Do you believe in fate and destiny? Or do you believe that nothing has to be, that there’s always another path, another way things might have worked out?
That’s a fascinating question that has been the basis of endless sci-fi/fantasy stories and spawned the pseudo-historical genre known as “counterfactuals,” which asks how the world might be different if the South had won the Civil War, if Hitler had been assassinated in 1939, if Nixon had destroyed the White House tapes, if Napoleon had been 6-2, etc.
Another such counterfactual is: “What if Dallas nightclub owner Jack Ruby had not killed accused assassin Lee Harvey Oswald the day after JFK’s murder”?
Had Ruby not killed Oswald, Oswald would have gone on trial for killing Kennedy. If he was the lone killer, as I’ve always believed he was, he might have confessed as the state built its case against him. Or he might have revealed co-conspirators and puppet masters if they existed–CIA rogues, vengeful Fidelistas, shadowy Texas oilmen, Russian moles, Martians, etc.
Whatever happened, we’d most likely have a much clearer understanding of this endlessly tangled case than we have now. In the absence of an Oswald trial, confession, conviction or–imagine this–acquital, the fertile ground was sown with a thousand conspiracies involving ricocheting magic bullets, tramps on the railroad tracks, military-industrial overlords, Umbrella Man and so on.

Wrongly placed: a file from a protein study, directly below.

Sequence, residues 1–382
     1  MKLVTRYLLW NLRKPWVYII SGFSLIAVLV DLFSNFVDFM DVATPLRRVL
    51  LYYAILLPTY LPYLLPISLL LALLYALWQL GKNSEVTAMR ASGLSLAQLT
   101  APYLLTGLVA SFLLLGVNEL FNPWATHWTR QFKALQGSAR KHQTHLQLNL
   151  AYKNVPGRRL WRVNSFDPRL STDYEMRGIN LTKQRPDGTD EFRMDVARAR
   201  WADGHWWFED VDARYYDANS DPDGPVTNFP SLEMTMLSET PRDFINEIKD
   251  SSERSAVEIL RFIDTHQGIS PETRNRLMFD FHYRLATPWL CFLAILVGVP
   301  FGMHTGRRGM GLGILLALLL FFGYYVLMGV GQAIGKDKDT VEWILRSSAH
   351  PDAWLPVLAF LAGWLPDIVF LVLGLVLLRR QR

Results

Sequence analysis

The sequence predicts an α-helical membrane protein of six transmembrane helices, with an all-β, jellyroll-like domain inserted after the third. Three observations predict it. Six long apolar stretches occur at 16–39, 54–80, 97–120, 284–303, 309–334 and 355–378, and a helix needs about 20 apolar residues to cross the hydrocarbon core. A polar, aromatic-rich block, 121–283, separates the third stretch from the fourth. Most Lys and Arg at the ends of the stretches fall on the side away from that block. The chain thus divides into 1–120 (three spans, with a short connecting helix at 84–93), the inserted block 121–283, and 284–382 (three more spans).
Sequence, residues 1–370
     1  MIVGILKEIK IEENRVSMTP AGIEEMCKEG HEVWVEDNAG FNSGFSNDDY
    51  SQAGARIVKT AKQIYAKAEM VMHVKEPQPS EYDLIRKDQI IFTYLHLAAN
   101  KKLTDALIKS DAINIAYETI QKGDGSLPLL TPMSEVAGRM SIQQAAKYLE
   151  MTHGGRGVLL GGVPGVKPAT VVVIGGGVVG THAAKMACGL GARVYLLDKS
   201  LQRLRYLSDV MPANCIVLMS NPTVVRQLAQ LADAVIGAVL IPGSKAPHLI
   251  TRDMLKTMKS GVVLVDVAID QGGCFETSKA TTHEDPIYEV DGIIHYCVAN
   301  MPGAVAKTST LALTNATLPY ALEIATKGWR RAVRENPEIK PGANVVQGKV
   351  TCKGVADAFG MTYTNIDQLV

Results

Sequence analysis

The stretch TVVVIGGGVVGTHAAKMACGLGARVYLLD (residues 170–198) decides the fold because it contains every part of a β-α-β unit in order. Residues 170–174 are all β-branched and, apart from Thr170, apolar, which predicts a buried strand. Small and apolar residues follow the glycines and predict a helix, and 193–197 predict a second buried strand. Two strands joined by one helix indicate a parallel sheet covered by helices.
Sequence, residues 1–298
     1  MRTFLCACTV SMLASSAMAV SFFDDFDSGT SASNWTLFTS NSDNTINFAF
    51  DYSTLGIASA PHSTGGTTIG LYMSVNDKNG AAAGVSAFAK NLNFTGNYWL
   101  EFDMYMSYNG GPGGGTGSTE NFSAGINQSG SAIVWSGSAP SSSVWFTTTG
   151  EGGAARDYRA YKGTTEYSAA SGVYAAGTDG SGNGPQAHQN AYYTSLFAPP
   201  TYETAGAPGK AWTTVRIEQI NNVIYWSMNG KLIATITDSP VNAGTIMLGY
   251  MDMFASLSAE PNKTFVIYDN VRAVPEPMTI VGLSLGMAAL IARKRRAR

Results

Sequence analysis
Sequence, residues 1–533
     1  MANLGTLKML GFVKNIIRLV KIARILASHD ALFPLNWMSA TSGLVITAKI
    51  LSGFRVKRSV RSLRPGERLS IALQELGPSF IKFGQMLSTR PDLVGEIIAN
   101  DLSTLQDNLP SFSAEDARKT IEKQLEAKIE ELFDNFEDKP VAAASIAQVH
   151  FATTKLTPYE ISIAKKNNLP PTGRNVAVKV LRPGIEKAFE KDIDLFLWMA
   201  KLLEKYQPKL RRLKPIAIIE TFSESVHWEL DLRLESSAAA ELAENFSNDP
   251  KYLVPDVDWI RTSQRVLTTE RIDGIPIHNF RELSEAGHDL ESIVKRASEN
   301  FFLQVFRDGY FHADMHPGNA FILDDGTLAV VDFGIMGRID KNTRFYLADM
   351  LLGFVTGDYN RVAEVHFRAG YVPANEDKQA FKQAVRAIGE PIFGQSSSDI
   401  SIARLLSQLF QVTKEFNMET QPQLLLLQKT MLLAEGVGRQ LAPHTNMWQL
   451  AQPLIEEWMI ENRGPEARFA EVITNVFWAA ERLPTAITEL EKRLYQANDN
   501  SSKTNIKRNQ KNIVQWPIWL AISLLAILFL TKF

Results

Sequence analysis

What brought all this to mind? The other day Joe R. Cody died. I didn’t know Cody from Adam, but the headline of his obit caught my eye:
“Longtime Dallas Officer Bought Gun for Jack Ruby”
What? What? I scanned, then read, and to my amazement learned this:
Mr. Cody met Mr. Ruby while drinking beer with other officers after completing an evening shift. The men later became friends after meeting at the ice skating rink at Fair Park.
One day, Mr. Ruby asked Mr. Cody about buying a safe to protect the $2,500 to $3,500 in cash club proceeds he carried out each evening. Mr. Cody suggested a less expensive answer would be to keep the money in his left pocket and pack a lightweight Colt Cobra revolver in his right pocket.
“If somebody starts robbing you, say, ‘Just a minute,’ and pull the pistol out and then shoot ’em,” Mr. Cody recalled in his oral history for The Sixth Floor Museum at Dealey Plaza.
On Jan. 19, 1960, Mr. Cody took Mr. Ruby to Ray Brantley’s Hardware Store on Singleton Boulevard and purchased the weapon and ammunition for $62.50, saving the nightclub owner $18 because the officer didn’t have to pay tax.
The next time Mr. Cody saw the revolver was on television on Nov. 24, 1963, while stopping at a small grocery in Louisiana.
Mr. Cody was in Louisiana for a gar fish rodeo at Lake Bistineau. He had stopped at the grocery, where a television displayed coverage of the Oswald shooting. The broadcast repeated the shooting footage many times, while Mr. Cody and others watched.
“And finally, they said, ‘We’ve just now determined his name is Jack Ruby.’ And I thought, ‘Oh, my God,” Mr. Cody said in his oral history.
Is that a what-if, or what? What if Officer Cody had said, “Jack, you’ve got no business with a gun. You might shoot one of your strippers by mistake. Get yourself a nice big safe for that cash, friend.”
It’s certainly possible that Ruby would have found another gun and used his easy access to the Dallas jail to kill Oswald anyway. But maybe not. And if not. . . if not. . . the present might be a very different place.